3 Small Ideas That Could Be the Lingerie Industry’s “Next Big Thing”

Spanx Shape My Day Open-Bust Mid-Thigh Bodysuit

Spanx reinvented shapewear for the modern consumer. Spanx Shape My Day Open-Bust Mid-Thigh Bodysuit, $84.

Earlier this month, I reviewed a new company aiming to “disrupt” the lingerie industry. Much of the intimate apparel industry is relatively old-fashioned, but in reviewing this company, I discovered that just because someone re-invents something, doesn’t mean they’re making it better. In fact, sometimes the smallest changes can make the biggest impact. I couldn’t help but wonder: could small tweaks to existing lingerie styles make a successful new product?

This idea has certainly been done before. Companies like Spanx and Bristols Six brought great, modern versions of old-fashioned solutions to the market in the early 2000s. More recently, there’s Thinx, a company breathing life into the world of period panties, and Nubian Skin, which convinced much of the mainstream lingerie industry that, yes, nude is more than beige. None of these brands are coming up with groundbreaking new inventions. For the most part, they’re simply classic ideas updated for the modern consumer.



Yet today, many lingerie startups overshoot and miss the mark entirely, by redeveloping things that don’t really need to be changed. Even worse, some of them repackage the same old concepts (sometimes literally) and then tell you they’re “disrupting the lingerie industry.” The three ideas below aren’t “disruptions,” at least not in the way I’d like to see the lingerie industry disrupted. However, I do believe that if a company harnessed one of these three small ideas, they could actually become staples 0f the modern day lingerie industry.

Ready-to-Wear Bralettes with Smaller Bands + Bigger Cups

Only Hearts Coucou Lola Ruffle Bralette

Only Hearts’ bralettes are so cute and great for smaller cups, but the bands are notoriously big. Only Hearts Coucou Lola Ruffle Bralette, $55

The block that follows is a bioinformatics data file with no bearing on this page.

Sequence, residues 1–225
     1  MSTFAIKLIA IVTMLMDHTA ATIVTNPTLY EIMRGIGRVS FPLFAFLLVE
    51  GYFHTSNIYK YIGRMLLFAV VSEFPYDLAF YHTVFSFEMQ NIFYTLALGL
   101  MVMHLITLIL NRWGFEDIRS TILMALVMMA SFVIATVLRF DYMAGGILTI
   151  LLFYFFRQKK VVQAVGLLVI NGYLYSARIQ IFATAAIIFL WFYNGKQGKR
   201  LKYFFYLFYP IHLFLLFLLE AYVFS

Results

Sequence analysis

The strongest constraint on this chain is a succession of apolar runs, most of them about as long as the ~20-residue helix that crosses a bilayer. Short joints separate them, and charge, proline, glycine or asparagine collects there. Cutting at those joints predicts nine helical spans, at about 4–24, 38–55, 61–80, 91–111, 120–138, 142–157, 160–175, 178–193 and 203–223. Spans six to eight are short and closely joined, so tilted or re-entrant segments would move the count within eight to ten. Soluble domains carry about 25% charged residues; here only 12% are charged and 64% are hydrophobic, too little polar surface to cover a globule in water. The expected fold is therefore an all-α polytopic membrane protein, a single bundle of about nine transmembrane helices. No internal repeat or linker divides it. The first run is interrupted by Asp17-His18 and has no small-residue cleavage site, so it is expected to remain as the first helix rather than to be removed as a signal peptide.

OK, let’s get real: off-the-rack, straight-size bralettes fit a very small segment of people. I’m not lamenting the fact they aren’t supportive. Until some incredible magic fabric comes along, bralettes will never be supportive in the same way underwired bras are, and that’s fine. I’m not even upset that they don’t fit me. I wear a 32G, and I know that I’m not the “average” bust size. But most bralettes don’t really fit most fit people. Either the cups are too small or the band is way, way too big.

Many indie labels offer custom sizing, like Toru and Naoko, or cup-sized bralettes, like Fortnight. However, I think ready-to-wear bralettes in sizes XS – XL that are a few inches smaller in the band and a little roomier in the cups would sell like hotcakes. Say, a size small made for the proportions of a 32D instead of a 32Bwhich would fit people closer to the average size. With the popularity of unstructured, wirefree bras lately, I think this idea could be a big success.

A Reinvention of the Garter belt for the Modern Age

Wolford Satin Garter Belt

Wolford does a fabulous job of creating simple, modern luxury, and this garter belt reflects that–but its small grips aren’t perfect for everyday wear. Wolford Satin Garter Belt, $105 at Neiman Marcus

Since the invention of pantyhose, garter belts have been reduced to boudour fun and retro dressup, but honestly? They’re great for everyday wear. Garter belts don’t slide down your hips at the end of a long day. They make it easier to use the bathroom. And, in my opinion, they look way nicer than tights. However, it’s hard to find the perfect garter belt. I think if one was created and marketed as a modern, smart alternative to wearing tights, it could become a lingerie wardrobe staple. The ideal everyday modern garter belt would need to: